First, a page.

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Network failure crashed frontline services at London hospital

Network problem at Hillingdon hospital meant clinical staff could not access information on computer systems

Hillingdon hospital was hit by a major network failure that prevented medical staff, including those in accident & emergency (A&E), from accessing the information they needed to treat patients.

Late last month emergencies had to be diverted to other hospitals and patients were taking up much needed bed space for longer than needed, due to delays caused by staff waiting for information to come through IT systems.

“On 22 May [Hillingdon Hospitals NHS Foundation Trust] experienced an issue with its IT networking infrastructure, which affected the connectivity and reliability of various clinical systems. As a result, A&E attendances were diverted to other nearby hospitals for a short period of time while the issue was rectified and services were restored to normal,” said a statement from the hospital.

Hillingdon Hospitals NHS Foundation Trust includes Hillingdon and Mount Vernon hospitals. Hillingdon hospital serves Heathrow Airport and would be vital in the event of an accident there.

Without the manual efforts of staff, during the network problems, services would have been in chaos, according to one patient who was rushed into the hospital with an acute problem.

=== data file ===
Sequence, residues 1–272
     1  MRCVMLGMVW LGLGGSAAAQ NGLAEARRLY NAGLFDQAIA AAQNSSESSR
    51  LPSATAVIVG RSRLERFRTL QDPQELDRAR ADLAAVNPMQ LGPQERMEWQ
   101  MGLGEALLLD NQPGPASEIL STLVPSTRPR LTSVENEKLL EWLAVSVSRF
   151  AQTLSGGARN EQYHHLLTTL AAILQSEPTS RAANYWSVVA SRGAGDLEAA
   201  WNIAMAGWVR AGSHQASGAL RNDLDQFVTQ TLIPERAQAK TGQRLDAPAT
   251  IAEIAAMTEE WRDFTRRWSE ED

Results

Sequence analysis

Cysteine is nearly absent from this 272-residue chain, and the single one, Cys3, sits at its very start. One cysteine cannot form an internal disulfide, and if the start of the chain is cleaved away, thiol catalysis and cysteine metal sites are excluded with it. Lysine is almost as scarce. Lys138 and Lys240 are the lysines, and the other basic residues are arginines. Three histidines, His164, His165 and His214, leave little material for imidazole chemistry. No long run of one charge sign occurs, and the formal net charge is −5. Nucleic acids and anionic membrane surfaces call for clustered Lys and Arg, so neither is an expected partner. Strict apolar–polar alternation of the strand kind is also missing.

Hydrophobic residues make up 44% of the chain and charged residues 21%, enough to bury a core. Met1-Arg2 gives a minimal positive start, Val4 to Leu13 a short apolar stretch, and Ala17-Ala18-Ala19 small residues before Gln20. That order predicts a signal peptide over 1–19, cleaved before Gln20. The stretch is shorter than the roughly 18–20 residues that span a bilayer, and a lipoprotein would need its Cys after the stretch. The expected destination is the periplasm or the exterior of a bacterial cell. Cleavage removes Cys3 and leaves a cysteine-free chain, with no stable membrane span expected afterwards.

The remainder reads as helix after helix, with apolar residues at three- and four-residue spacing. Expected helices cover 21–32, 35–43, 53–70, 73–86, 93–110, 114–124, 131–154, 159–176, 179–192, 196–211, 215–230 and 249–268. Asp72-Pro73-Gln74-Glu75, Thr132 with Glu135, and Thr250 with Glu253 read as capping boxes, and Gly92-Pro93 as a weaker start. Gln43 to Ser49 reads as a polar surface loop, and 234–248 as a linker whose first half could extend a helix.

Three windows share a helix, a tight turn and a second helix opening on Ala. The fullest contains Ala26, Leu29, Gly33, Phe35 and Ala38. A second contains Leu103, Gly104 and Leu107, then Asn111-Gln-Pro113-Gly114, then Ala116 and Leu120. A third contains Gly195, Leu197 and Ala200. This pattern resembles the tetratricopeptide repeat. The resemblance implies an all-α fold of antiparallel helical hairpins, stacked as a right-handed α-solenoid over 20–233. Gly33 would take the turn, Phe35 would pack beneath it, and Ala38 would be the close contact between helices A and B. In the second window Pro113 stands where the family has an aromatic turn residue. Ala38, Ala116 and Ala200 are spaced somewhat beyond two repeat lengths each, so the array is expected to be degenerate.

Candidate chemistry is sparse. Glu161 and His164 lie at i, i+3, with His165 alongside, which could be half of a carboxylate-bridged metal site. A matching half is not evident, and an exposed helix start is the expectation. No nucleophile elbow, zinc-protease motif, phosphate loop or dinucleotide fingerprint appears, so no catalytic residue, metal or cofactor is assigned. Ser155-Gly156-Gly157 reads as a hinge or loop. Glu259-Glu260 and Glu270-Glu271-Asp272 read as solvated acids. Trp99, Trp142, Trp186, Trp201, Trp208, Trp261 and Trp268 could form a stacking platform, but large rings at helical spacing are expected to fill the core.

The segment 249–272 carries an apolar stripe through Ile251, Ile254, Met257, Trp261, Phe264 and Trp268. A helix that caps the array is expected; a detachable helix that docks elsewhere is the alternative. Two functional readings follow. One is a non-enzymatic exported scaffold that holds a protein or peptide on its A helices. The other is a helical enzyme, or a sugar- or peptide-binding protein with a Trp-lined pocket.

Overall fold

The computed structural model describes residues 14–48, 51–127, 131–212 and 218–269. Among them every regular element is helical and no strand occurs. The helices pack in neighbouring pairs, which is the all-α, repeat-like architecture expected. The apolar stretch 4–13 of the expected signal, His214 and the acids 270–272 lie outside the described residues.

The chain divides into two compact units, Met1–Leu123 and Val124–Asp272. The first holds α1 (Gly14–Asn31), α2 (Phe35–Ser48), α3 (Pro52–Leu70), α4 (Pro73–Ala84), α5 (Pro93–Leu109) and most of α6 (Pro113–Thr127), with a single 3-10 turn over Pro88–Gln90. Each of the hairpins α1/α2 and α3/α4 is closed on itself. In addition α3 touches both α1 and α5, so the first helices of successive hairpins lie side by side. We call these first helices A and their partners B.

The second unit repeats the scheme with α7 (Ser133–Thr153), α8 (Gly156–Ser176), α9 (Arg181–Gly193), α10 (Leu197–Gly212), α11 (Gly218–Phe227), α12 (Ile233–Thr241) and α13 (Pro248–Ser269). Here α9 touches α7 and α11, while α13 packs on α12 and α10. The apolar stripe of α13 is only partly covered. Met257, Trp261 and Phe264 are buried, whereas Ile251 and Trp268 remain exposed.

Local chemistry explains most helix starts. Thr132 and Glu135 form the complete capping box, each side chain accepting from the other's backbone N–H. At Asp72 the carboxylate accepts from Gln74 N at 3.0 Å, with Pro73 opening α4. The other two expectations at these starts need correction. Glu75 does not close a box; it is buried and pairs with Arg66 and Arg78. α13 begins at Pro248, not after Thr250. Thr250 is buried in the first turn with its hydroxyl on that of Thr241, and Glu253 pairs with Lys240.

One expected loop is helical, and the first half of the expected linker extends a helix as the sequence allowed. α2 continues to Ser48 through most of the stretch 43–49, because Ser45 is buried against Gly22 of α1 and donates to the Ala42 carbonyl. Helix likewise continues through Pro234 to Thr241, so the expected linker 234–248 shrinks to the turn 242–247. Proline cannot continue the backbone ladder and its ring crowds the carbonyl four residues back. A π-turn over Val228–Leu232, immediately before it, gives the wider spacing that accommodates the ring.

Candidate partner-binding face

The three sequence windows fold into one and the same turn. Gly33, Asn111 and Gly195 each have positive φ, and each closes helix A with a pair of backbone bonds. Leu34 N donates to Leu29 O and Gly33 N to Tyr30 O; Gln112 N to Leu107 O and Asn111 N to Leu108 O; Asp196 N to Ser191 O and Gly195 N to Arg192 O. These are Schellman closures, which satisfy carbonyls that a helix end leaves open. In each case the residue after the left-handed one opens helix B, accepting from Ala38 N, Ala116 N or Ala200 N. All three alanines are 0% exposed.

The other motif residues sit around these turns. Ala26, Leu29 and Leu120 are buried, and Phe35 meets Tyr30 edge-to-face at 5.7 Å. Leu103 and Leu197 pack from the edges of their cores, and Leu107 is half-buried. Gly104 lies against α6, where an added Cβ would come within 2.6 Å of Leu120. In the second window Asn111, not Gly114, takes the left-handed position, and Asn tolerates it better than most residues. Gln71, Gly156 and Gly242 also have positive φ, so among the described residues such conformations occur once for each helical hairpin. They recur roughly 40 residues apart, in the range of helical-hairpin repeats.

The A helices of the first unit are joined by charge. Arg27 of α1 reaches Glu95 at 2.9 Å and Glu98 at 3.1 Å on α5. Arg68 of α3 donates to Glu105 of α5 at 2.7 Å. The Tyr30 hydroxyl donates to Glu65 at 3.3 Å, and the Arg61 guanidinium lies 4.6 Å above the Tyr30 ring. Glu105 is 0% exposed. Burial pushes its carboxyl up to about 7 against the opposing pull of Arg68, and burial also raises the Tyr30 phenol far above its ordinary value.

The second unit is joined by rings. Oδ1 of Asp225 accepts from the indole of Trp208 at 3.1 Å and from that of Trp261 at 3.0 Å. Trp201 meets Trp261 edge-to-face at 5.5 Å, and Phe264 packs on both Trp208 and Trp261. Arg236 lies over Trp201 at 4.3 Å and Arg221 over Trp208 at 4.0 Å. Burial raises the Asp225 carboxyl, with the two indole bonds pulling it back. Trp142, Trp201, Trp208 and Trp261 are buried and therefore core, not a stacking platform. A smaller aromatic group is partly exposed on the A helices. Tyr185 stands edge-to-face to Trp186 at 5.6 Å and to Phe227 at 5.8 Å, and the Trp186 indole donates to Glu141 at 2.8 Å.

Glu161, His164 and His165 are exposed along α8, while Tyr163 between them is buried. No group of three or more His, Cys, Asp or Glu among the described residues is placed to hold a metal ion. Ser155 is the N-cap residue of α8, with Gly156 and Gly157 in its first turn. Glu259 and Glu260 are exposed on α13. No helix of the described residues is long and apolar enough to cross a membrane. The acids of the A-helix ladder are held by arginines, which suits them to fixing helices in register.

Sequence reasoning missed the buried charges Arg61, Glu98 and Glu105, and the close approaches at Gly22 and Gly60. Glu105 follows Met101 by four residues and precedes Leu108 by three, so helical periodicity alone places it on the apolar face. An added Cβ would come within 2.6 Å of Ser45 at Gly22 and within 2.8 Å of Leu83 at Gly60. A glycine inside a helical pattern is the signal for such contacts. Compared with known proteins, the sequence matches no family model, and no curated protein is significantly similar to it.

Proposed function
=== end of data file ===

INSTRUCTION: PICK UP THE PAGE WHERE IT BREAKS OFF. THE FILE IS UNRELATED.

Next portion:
The patient, who wished to remain anonymous, said during his time in the hospital, nurses and doctors were using manual processes because systems were down. For example doctors were forced to look at scans in the locations they were done because they could not be sent.

But the patient praised staff for their efforts. "First let me say the Hillingdon medical were exemplary,” he said. “Over the three days that I was in the hospital, the lack of IT systems clearly showed how critical these services are - nurses and doctors having to ask for the information multiple times, x-rays (usually digitally stored) unavailable, blood test results being repeated due to poor handwriting on reference numbers.”

He added that people were staying in the hospital longer than necessary due to the problems. “Half the ward was capable of being released but were forced to stay another day due to an inability to pull the paperwork together, getting the take-home drugs from the dispensary, etc. How many people in need suffered unnecessary on A&E trolleys while fit people were occupying acute ward beds?"

A nearby NHS trust in London, Central and North West London (CNWL) NHS Foundation Trust, has also experienced problems with its IT systems recently that delayed the completion of a major IT upgrade.

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That's two NW London NHS trusts with IT problems recently - see here:
https://www.computerweekly.com/news/4500247433/London-hospital-trust-delays-IT-project-completion-as-issues-frustrate-staff

Anybody in NHS know how common this is at the moment?
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